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Sequestration: Coming Soon to a State Near You?

(This article originally appeared in the Stateside Dispatch, Progressive States Network's email roundup of the latest state policy news. Sign up to receive the Dispatch in your inbox here.)

The "sequestration" cuts to domestic and defense programs still loom in the not-to-distant future. The latest noises from Washington, D.C. are that, thanks to conservative opposition to including additional revenues, the draconian cuts may very well come into effect  on March 1st. Here's the current state of play in D.C. — and how some are predicting it might affect the states.

The Director of the Congressional Budget Office told lawmakers this week that the across-the-board cuts in the sequester could cost the country 750,000 jobs. [Huffington Post]

Some "high level sources on Capitol Hill" are predicting that possible negotiations to avoid the bulk of the sequester will only take place "after the impact of the sequester is actually felt." [Huffington Post]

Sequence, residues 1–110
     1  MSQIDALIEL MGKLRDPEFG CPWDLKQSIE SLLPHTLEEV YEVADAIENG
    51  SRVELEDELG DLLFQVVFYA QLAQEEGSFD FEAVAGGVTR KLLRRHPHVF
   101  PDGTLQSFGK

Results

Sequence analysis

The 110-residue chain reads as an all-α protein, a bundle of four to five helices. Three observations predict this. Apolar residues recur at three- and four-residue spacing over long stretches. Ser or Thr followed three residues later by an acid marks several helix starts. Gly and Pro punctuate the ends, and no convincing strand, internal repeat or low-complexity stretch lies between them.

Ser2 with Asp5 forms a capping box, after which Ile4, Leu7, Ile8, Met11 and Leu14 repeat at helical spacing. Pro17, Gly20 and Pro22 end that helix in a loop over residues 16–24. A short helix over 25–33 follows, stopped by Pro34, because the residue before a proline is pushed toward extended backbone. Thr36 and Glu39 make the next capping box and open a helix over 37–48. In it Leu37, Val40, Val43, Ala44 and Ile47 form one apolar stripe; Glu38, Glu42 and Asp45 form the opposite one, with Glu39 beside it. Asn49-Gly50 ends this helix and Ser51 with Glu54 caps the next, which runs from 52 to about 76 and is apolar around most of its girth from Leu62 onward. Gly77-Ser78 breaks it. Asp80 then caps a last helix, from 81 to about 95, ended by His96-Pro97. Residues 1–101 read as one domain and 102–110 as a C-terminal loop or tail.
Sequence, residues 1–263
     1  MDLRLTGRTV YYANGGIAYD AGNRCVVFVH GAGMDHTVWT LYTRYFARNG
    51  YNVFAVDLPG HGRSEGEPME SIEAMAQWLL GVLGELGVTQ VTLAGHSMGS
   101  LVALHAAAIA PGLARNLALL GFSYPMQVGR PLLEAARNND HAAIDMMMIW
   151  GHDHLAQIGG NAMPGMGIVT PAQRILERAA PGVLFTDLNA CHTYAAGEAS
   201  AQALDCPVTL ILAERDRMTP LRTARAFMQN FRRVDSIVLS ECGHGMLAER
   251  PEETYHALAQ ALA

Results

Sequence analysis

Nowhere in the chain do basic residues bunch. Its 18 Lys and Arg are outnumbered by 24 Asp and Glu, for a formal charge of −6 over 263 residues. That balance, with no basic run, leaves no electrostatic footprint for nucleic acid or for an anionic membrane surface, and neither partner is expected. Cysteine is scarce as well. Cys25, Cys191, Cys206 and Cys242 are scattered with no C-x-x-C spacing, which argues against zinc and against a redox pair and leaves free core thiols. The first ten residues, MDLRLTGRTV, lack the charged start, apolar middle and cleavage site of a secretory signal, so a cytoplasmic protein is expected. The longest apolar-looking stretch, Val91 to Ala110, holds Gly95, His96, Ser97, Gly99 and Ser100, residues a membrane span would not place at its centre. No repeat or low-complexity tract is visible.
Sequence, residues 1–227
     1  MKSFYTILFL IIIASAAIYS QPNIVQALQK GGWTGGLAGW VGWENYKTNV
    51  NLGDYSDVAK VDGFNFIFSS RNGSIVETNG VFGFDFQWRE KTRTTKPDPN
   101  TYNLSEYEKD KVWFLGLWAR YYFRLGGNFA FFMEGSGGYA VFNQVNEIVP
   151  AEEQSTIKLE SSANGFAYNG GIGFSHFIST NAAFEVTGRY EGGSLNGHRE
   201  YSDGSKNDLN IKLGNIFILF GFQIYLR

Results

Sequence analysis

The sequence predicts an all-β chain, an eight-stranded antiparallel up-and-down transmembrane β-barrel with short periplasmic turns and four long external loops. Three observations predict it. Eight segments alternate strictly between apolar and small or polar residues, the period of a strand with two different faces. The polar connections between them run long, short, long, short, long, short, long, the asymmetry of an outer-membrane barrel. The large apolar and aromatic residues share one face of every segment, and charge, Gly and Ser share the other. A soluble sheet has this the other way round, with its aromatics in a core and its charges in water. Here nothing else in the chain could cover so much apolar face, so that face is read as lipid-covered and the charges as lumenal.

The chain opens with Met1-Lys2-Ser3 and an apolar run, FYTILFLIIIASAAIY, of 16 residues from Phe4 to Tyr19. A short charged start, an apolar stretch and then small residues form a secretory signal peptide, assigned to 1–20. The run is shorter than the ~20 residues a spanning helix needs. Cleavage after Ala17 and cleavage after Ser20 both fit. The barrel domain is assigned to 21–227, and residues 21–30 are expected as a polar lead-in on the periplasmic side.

The National Education Association has state-by-state fact sheets on how services to students would be diminished and how many education jobs would be lost if the sequester takes effect. [NEA]

In Virginia, that might mean $48 million lost in federal funds for pre-K through 12th grade education. [Fairfax Station Patch]

In South Dakota, state lawmakers are predicting "pain" thanks to cuts in "a number of programs that people have become used to." [KTIV]

Why one prominent national progressive leader is arguing in favor of letting the sequester cuts happen. [Huffington Post]

The Congressional Progressive Caucus has a plan to avoid the sequester focused on closing tax loopholes and limiting deductions for corporations and the wealthy. [MaddowBlog]

 

Read the full Dispatch from February 17, 2013 here.